Our friend Paul arrived on schedule on 4th June and Andy picked him up from Kalamata in a hire car and brought him to Vaila in Navplion. We had an early start the next morning and had to motor for a couple of hours before putting sails up. The wind steadily rose but with reefed genoa and main sail we beat comfortably and we were berthed in Leonidhion by 1530. We introduced Paul to Margaret’s Taverna and we got a huge bag of tomatoes and cucumbers “for our friend and the boat” as well as a lovely dinner.
The forecast was favourable for the next few days so we left early on the 6th to get to Monemvasia . A sailing holidays flotilla of 12 boats was in the wee marina so we managed to get a space alongside the old ferry pier where 4 or 5 other yachts were already tied up. We walked up to the old town briefly and luckily the large sailing cruise ship, anchored off, left so it was quiet. When we got back to Vaila we saw that several yachts had been chased away by a huge motor boat that was now stern to just beside us! Lucky we were away when it came in, otherwise we would no doubt have been made to move as well! It turned out to be a noisy night, with the Greeks in full party mood on the motorboat !! Thank goodness for earplugs.
Because the forecast looked a bit more settled we decided to spend the next day exploring Monemvasia with Paul. It’s such an amazing Byzantine town which has been partially restored. We were there 2 years ago but it would have been a shame for Paul to miss this world heritage site. Despite the heat, we walked all the way up to the restored church Agios Sofia and the castle ruins.
A delicious lunch followed, taken in the shady taverna next to the main square. When we returned to Vaila the motorboat had gone so I managed a swim in the beautiful clear water, before an early night, as we were planning a 6am start to get the 50 miles round Cape Malea and into Porto Kaiyo .
Just as well we had decided to leave early, as a small cruise ship was coming in to dock on the ferry pier and we would have had to move anyway. It would have been a rude awakening for the other yachts berthed there.
It turned out to be a fairly calm passage round Cape Malea with a lot of motoring, but there was a lot of large shipping passing by and a ferry needed avoiding action, so we had to be aware. We did eventually get the sails up for a wee bit and by time we got to Porto Kayio it was gusting 15 knots. There were 7 boats in already but we found a spot on sand and dug the anchor in. A night of sitting outside and checking transits in the big gusts and watching a 110 foot racing yacht “Barong D “,with Luxembourg flag, tucking itself into a wee inlet and taking lines ashore. Easy when you have 5 crew and dinghies!!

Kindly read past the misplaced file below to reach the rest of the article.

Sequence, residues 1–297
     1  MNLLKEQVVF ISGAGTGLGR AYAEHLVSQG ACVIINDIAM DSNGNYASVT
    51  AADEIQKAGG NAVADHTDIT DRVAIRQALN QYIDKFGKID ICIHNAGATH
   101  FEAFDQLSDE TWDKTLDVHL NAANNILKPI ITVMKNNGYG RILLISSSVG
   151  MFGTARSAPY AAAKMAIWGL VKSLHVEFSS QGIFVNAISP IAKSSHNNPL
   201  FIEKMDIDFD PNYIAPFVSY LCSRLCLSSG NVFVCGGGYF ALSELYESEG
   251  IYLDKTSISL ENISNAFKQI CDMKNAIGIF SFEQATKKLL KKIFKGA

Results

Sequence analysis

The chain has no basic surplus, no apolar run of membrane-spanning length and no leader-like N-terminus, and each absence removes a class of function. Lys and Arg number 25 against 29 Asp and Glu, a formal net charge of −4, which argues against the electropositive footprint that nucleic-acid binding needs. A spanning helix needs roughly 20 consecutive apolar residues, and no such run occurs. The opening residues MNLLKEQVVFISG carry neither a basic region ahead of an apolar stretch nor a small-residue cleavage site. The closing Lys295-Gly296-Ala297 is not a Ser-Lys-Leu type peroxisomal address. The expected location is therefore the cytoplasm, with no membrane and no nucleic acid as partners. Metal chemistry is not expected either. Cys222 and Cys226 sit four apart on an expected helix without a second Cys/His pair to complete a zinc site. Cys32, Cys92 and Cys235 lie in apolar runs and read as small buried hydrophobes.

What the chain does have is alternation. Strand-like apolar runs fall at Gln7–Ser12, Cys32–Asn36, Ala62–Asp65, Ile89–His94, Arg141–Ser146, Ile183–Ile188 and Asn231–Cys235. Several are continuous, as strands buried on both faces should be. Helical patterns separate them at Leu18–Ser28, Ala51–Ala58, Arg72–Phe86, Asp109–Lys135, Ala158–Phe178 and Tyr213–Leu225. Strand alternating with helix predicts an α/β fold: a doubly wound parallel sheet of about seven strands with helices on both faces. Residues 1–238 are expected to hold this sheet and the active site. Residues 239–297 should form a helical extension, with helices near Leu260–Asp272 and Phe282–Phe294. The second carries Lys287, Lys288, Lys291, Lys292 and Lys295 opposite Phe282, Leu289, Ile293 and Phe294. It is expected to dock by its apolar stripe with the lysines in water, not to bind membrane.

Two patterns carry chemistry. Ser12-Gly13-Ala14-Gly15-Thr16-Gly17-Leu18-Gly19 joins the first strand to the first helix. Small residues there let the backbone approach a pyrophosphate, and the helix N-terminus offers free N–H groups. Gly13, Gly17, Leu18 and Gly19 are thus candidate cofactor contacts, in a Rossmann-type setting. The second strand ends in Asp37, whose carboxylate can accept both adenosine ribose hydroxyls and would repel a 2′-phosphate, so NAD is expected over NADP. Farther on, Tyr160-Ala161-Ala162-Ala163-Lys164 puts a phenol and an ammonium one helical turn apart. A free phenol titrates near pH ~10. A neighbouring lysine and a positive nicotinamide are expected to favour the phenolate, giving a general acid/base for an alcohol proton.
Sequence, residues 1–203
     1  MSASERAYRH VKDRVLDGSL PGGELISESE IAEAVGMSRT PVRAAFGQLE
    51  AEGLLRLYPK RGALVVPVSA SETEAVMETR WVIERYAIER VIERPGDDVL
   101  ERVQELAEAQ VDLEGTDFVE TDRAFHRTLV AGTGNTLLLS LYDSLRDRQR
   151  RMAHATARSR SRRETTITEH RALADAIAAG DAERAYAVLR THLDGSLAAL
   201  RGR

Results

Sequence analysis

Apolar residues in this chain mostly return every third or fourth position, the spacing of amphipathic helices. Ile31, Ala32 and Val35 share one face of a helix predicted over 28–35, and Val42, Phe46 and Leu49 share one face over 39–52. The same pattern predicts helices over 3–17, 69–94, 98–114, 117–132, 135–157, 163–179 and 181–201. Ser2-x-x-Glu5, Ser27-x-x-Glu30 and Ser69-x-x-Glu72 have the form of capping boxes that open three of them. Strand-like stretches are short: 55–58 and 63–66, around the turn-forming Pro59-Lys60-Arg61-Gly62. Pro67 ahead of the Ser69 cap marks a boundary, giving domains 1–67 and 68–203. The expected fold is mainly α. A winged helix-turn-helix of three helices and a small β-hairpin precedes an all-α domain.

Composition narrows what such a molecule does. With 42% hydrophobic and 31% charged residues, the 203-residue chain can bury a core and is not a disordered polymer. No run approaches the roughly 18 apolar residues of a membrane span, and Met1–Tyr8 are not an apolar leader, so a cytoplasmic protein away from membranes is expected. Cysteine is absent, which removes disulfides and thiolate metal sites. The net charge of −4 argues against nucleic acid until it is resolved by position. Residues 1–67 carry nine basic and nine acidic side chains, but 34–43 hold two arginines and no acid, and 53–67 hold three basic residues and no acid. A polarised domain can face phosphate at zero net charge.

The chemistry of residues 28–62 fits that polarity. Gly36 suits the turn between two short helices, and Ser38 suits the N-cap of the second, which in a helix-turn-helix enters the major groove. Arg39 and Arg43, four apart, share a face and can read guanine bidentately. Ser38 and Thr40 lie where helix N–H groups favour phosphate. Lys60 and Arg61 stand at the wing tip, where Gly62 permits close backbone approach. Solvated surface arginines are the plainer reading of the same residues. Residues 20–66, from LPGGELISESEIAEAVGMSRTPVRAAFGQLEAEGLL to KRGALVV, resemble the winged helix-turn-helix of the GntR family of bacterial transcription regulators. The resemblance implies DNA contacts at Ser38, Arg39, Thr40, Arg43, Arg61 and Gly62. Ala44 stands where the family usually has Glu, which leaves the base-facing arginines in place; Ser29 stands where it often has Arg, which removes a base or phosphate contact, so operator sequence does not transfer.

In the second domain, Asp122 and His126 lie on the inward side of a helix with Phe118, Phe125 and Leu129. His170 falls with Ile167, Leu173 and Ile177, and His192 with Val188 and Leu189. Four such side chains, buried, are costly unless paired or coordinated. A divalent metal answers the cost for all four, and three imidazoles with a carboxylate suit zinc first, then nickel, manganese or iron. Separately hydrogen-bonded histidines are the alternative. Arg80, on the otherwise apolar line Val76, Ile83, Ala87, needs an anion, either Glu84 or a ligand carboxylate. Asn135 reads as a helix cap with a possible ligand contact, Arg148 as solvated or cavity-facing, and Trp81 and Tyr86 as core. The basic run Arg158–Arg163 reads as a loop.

The wind dropped by 1130 and we had a quiet night after that and another early start the next morning as it was another 50 miles to the next place. The forecast was not good for Methoni so we opted to go straight to Kalamata marina where we will keep Vaila while we go home. A long day motoring with a bit of exciting sailing in the last few miles. The skipper did a great job reversing into our berth in a strong wind (practice makes perfect). Luckily there are lazy lines so no need for an anchor. It was all familiar as we had been here 2 years ago. The hot showers were much appreciated too.
In the next few days we took day trips to Methoni and ancient Olympia in a hire car to show Paul some of the sites.
Paul flew back on the 13th and we are now doing chores and getting Vaila ready. It’s now roasting hot so we tend to work in the mornings and then take it easy in the afternoons . There are beaches and nice ice cream shops within cycling distance so it’s great to cool off.
We fly home on the 18th leaving Vaila in the water and are really looking forward to seeing family and friends again. It’s been a very mixed 7 weeks since we launched, with more settled weather only appearing recently and changes of plans frequently required. That’s Greek sailing for you! The next instalment will be in September when we come back to Vaila.